probably added in 1659: the second projection
is probably modern, and has a hipped roof: the
third projection is gabled, and has, on the ground
floor, an original window of two lights. The
S. Elevation of the late 16th-century block, in the
middle of the E. wing, has two contemporary
windows, each of three lights with stone frame
and mullions, now blocked; the addition at the
E. end of the wing has a doorway, with a late
16th or early 17th-century door of moulded battens,
and a window of three lights, with a wooden frame,
probably of late 17th-century date; near the E.
end of the elevation is a small old opening with a
wooden frame, probably a vent. In the N.
Elevation, on the ground floor, at the E. end, is
a modern doorway; the late 16th-century block
has two contemporary windows, each of three
lights with panelled mullions, moulded jambs and
lintel and a moulded label, of stone; at the E. end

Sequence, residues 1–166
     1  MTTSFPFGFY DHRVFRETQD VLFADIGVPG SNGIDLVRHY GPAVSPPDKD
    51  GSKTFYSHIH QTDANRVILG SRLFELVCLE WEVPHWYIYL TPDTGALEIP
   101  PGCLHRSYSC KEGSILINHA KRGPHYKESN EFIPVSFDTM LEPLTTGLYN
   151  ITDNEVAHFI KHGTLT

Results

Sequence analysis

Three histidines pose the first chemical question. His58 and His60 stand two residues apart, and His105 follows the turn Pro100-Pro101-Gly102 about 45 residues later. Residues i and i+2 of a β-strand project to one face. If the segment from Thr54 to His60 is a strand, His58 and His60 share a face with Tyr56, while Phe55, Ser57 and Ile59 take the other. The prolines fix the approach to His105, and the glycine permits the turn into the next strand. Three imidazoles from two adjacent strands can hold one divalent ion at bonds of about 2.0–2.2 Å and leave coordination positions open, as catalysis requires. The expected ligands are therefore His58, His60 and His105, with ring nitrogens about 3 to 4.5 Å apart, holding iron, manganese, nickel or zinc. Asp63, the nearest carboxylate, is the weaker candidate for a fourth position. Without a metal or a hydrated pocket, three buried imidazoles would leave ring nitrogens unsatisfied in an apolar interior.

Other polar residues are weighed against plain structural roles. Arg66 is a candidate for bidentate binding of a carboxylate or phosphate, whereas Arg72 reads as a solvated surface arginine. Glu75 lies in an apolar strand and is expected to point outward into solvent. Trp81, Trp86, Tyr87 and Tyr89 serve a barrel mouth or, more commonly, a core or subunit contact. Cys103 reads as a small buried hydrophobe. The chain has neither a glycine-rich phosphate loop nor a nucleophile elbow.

of the block is a chimney stack of stone, with a
moulded cap; at the W. end of the elevation is
a modern window.
Interior:—In the original building some plain
chamfered beams remain in the ceilings, and there
are two narrow staircases of old oak, one from
the ground floor to the first floor and another from
the first floor to the attic. In the late 16th-century block in the E. wing, on the ground floor,
is a stone fireplace which has moulded jambs
with moulded base-stops and a flat four-centred
arch in a square head. On the first floor of the
main block is some late 16th or early 17th-century
panelling, now painted, and in the attic is a similar
panelled door, and a door of moulded battens.
The timbers of the roof are apparently of late
17th or early 18th-century date.
Condition—Good; but the attic, now disused, has decayed floor-boards, and there is a
quantity of ivy on the walls at the back.
These buildings are of early 17th-century date,
except (3), and are of two storeys. The walls
generally are of stone; the roofs are thatched.
a(3). Cottage, 250 yards S.S.W. of the church,
on the E. side of the road. At the W. end is a
chimney stack of stone with a panel inscribed
'ROBERT1696'; the date is probably that of the main